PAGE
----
Already a member? Please login below for an enhanced experience. Not a member? Join today

Drone groups appeal to TrumpDrone groups appeal to Trump

Seizing on remarks by a White House official delivered at a recent trade show, a group of 29 organizations, manufacturers, and drone users appealed for a collaborative approach to regulation in the form of a pilot program to coordinate state, local, and tribal efforts to safely integrate unmanned aircraft without compromising federal control of the national airspace.

Deputy Assistant to the President and Deputy U.S. Chief Technology Officer Michael Kratsios address Drone World Expo on Oct. 3. Jim Moore photo.

AOPA was among 29 signatories to an Oct. 11 letter to President Donald Trump, sent a week after Deputy U.S. Chief Technology Officer Michael Kratsios delivered a 20-minute speech at Drone World Expo in San Jose, California. Kratsios praised drones and drone pilots for their role in responding to recent disasters, and echoed the assessment of many analysts expecting the technology to create jobs on a large scale.

“President Trump is passionate about finding ways to lower regulatory barriers to innovation,” Kratsios said. “The FAA has recognized the need to work across jurisdictional divisions toward our common goal.”

The drone advocates and organizations, including the Association of Unmanned Vehicle Systems International, Small UAV Coalition, along with online retailer Amazon, and package delivery giant UPS (both of which are actively working to integrate unmanned aircraft into their massive logistics chains), urged the White House to build on previous government-industry collaboration.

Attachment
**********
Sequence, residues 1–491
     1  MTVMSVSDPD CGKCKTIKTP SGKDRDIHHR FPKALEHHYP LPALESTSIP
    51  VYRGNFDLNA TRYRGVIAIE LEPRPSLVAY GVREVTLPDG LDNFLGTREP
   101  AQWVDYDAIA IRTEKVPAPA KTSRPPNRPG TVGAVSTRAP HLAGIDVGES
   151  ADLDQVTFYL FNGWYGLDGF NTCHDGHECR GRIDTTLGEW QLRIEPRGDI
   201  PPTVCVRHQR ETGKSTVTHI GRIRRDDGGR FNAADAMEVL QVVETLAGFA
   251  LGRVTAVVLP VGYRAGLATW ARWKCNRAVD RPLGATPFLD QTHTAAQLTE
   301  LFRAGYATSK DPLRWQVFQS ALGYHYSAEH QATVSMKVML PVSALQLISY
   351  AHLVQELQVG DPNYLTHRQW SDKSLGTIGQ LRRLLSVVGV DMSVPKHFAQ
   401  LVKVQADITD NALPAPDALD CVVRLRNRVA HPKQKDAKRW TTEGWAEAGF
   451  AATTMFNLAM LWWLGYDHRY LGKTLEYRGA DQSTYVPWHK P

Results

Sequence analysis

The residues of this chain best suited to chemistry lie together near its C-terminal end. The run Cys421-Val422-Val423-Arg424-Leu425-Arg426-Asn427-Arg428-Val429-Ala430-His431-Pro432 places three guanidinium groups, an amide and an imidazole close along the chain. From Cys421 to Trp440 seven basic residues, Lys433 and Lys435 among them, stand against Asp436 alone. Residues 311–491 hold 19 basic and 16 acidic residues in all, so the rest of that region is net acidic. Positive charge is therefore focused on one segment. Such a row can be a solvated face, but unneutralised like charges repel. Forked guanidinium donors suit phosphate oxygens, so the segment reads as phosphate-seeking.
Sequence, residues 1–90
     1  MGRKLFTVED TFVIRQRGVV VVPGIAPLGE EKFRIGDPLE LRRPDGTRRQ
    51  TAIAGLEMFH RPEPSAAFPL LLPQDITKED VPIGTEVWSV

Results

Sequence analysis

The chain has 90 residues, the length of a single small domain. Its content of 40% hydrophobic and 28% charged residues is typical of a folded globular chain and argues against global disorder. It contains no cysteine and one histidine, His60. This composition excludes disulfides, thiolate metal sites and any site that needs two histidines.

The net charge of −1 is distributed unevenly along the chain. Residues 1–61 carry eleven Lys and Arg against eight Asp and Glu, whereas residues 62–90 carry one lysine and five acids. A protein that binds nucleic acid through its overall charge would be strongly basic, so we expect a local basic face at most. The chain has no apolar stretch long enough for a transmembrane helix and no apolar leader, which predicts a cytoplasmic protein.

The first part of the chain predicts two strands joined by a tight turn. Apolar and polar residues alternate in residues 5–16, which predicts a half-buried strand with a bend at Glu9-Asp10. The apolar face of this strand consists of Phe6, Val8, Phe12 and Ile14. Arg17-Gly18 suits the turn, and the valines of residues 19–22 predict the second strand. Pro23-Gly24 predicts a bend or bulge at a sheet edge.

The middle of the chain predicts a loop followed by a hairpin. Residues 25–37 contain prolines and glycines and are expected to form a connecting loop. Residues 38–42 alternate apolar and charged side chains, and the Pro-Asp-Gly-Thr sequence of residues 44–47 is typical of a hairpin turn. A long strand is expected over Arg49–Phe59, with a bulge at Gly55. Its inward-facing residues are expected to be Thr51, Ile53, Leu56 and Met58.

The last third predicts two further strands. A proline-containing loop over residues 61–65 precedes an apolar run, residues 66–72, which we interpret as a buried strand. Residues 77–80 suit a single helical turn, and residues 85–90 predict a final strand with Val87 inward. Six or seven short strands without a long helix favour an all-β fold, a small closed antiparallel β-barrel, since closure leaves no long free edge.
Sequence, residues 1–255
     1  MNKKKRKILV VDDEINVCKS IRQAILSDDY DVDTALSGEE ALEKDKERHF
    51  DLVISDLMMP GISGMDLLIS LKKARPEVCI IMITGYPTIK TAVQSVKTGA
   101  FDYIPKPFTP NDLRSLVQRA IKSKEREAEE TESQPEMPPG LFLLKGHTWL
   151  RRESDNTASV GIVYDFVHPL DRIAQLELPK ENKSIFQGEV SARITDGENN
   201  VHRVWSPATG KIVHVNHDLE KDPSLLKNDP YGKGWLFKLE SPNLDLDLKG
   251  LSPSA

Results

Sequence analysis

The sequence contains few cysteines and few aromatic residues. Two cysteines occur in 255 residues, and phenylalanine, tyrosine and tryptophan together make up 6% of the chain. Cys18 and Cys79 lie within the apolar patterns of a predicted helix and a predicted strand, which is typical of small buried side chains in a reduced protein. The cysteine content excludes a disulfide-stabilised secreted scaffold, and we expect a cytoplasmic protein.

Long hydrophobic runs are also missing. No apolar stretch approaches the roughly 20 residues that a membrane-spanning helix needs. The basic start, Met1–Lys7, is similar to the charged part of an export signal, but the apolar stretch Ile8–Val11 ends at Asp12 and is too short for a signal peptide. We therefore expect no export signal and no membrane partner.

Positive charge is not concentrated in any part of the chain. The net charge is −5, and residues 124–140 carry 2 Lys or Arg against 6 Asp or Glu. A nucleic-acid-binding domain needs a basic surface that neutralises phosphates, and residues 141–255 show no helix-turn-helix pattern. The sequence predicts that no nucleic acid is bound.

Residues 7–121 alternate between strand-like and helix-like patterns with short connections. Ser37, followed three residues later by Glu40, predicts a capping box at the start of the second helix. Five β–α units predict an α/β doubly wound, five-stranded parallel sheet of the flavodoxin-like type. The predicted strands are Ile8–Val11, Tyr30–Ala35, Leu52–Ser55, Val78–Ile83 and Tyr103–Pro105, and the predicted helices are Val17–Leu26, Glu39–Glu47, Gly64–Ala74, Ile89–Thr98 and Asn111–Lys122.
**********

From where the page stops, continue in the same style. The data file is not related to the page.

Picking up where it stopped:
“For months, we have advocated on Capitol Hill for a pilot program that allows state and local governments, along with UAS industry stakeholders, to develop a coordinated effort with the FAA concerning UAS airspace integration,” the letter states. “We are pleased that your administration has also identified this as a sensible approach.”

A pilot program driven by data, working within a controlled operational environment, would “explore the best options for states and municipalities to address their needs,” the groups noted. “Overall though, the FAA sovereignty of the national airspace must not be compromised.”

The message was much the same as a previous appeal to Congress signed by AOPA and others in June that urged caution in legislating the roles and responsibilities of drone regulation. With the Drone Advisory Committee (of which AOPA is a member) and other FAA and industry collaborations working to sort out the most sensible approach to protecting privacy and maintaining security as the industry rapidly expands, groups including AOPA have cautioned against a decentralized approach, noting that consistency and buy-in from all parties involved, including local governments, is essential to realizing the young industry’s potential.

Jim Moore

Jim Moore

Editor-Web Jim Moore joined AOPA in 2011 and is an instrument-rated private pilot, as well as a certificated remote pilot, who enjoys competition aerobatics and flying drones.
Topics: Advocacy, Unmanned Aircraft

Related Articles